Financial Authorities

Reich's financial authorities’ role in the expropriation of the Jewish segment among the German population between 1933 and 1945 has been described extensively.1 What has so far been addressed to a lesser extent are the effects of Nazi financial and fiscal policy on Jewish emigration efforts. Yet some of the government's measures had fatal consequences for the persecuted.

Frequently, the freezing of accounts and dispossession of assets not only obstructed emigration and ultimately led to deportation to the extermination camps, but also had a serious impact on those who were spared. Because of the foreign currency situation of the German Reich, which deteriorated progressively during the 1930s, partly caused by self-inflicted international isolation, the frozen assets of Jewish refugees aroused the greed of the Reich's Nazi government.

Instruments introduced at an early stage to reduce the assets held by Jews, such as specific tax regulations, were therefore expanded successively, in preparation of subsequent expropriation. Safeguard ordinances and asset freezes made it more difficult for those wanting to emigrate to initiate the necessary steps for their escape in time. For every single payment they required permission from the Oberfinanzpraesident (head of the regional financial authorities) or other authorities in charge.

In the course of the persecution activities, the Oberfinanzpraesidium (OFP) in Hanover as the supreme financial authority of Lower Saxony kept gaining in relevance. While the OFP was initially merely in charge of collecting special taxes, when its responsibilities were extended to general assessment of Jewish assets, its sphere of influence grew significantly. In the final configuration, its authority reached from foreign exchange control for Jewish emigrants via issuing safeguard ordinances for their assets to realisation of the property left behind by the persons deported to the camps.

Authorities profited from the persecution policy

With the extension of its responsibilities, its staff also increased, new departments were established and career opportunities were created. Next to the Devisenstelle (foreign exchange office), which was not only in charge of harassing the Jewish population, emerged the Straf- und Rechtsabteilung (criminal and legal department, later renamed Devisen-Ueberwachungs-Abteilung, (foreign exchange control department), and the Genehmigungs-Abteilung (permit department). Customs investigation was placed in the authority of the Devisenstelle.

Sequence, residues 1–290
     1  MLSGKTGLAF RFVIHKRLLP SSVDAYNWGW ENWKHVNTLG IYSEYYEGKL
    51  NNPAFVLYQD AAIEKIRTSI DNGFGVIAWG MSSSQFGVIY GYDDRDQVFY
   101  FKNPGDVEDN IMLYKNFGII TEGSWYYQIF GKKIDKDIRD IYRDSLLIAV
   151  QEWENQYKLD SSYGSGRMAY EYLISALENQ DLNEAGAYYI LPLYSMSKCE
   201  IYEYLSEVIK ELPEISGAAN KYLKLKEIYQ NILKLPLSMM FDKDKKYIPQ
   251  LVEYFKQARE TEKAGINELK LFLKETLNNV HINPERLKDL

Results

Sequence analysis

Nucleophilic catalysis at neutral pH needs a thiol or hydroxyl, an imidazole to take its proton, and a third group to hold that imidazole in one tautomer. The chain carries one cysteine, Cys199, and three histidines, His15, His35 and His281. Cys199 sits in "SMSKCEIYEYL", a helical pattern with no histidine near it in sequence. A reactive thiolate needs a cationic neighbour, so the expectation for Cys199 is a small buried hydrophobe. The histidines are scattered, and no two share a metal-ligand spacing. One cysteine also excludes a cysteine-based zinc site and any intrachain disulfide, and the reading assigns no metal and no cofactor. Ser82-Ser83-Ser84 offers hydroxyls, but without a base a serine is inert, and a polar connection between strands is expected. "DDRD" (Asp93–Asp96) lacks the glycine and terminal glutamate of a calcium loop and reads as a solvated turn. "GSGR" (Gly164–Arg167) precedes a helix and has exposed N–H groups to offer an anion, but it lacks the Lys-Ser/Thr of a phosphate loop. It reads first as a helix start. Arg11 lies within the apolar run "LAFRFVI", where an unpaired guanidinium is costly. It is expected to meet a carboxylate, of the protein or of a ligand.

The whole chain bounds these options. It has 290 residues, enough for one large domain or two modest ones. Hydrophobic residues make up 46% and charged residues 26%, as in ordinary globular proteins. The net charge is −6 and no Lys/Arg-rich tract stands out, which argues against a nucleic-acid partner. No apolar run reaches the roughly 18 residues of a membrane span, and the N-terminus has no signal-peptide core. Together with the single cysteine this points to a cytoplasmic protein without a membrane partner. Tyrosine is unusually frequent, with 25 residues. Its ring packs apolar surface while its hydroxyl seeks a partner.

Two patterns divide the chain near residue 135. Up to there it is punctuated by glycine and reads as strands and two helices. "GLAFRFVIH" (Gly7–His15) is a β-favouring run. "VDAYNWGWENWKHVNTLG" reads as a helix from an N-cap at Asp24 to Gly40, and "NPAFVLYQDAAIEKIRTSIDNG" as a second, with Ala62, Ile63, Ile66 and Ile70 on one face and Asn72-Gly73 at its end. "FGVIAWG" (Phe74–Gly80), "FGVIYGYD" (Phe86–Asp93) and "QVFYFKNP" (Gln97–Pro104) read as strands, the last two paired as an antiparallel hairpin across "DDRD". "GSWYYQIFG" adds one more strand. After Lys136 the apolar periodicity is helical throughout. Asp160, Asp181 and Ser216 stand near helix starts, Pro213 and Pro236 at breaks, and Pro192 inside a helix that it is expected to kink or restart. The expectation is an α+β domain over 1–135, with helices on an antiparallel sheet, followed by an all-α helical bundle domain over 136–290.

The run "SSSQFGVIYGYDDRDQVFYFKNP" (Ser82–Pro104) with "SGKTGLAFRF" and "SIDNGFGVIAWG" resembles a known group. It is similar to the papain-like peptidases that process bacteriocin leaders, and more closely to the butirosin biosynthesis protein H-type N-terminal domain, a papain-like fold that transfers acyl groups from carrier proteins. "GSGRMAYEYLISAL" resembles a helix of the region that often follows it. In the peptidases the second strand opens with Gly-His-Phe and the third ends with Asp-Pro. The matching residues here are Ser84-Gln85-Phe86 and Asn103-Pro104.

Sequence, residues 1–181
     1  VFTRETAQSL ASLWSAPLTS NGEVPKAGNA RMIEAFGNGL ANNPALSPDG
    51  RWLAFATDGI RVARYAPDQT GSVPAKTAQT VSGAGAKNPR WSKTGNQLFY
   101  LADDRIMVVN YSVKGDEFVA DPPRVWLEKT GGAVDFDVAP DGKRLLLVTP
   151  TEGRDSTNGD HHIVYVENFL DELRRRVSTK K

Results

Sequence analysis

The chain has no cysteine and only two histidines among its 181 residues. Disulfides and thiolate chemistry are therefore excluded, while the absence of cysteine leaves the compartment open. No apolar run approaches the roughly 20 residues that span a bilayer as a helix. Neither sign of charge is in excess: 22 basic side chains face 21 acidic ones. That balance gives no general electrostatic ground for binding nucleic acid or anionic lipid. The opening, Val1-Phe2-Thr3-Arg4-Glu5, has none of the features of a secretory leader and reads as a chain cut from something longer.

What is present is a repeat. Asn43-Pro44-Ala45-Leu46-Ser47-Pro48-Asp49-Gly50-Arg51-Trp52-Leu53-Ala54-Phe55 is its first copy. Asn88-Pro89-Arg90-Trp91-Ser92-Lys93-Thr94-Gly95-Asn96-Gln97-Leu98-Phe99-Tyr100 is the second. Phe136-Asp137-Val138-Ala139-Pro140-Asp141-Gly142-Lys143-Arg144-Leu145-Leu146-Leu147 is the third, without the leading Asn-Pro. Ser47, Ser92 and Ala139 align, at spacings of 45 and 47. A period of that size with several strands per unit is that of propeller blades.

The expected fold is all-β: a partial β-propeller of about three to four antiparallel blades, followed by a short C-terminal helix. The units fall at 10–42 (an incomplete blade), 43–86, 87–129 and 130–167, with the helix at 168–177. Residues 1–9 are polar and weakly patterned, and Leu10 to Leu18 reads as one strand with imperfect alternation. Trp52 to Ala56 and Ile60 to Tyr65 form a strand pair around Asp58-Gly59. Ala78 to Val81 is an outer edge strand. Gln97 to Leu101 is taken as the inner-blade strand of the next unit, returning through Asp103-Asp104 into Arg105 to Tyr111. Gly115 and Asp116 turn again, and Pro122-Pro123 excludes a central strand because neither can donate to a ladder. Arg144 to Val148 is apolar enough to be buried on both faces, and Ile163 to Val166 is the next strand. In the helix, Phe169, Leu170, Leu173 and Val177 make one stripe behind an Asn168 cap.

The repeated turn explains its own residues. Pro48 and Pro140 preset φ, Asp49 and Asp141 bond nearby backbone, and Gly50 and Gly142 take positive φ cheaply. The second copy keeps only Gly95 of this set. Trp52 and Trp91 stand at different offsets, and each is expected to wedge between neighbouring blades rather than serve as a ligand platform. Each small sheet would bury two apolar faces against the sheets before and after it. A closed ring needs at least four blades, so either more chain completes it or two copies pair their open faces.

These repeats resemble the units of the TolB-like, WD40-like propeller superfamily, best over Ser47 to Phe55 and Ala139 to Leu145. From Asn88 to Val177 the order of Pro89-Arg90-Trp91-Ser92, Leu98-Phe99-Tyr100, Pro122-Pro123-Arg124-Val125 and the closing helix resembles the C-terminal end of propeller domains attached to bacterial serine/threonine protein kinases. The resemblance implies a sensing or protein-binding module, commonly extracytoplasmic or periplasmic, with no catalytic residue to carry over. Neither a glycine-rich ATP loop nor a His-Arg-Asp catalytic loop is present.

The authority super ordinate to the OFP Hanover was the Oberfinanzpraesidium Berlin-Brandenburg, which in turn received its instructions directly from the Ministry of Finance. At a later stage, the tax office of Moabit-West in Berlin, which was in charge of realisation of the confiscated Jewish assets, completely transferred this competence to the OFP, which gradually passed it on to the local tax offices.

Collaboration between various authorities generated a close-meshed network of persecution

The OFP, tax offices and customs departments were in permanent contact with the Gestapo, both with its regional and national offices. In charge of the Goettingen region was the Hildesheim Gestapo office. Further, for registration and confiscation of Jewish assets, the financial authorities closely collaborated with the local administrative organs, in particular with mayors and Landraete (heads of regional administration). In accordance with the "Fuehrer Principle" of the time, the latter had the authority of chiefs of police of cities and municipalities. By means of this kind of collaboration between the authorities, this also included banking supervision, those in power spread a tight-knit network of registration and surveillance of Jewish assets across the entire country which hardly any persecuted person was able to evade.


  1. You can find an overview of the most important monographs and regional studies on the subject in the Bibliography.

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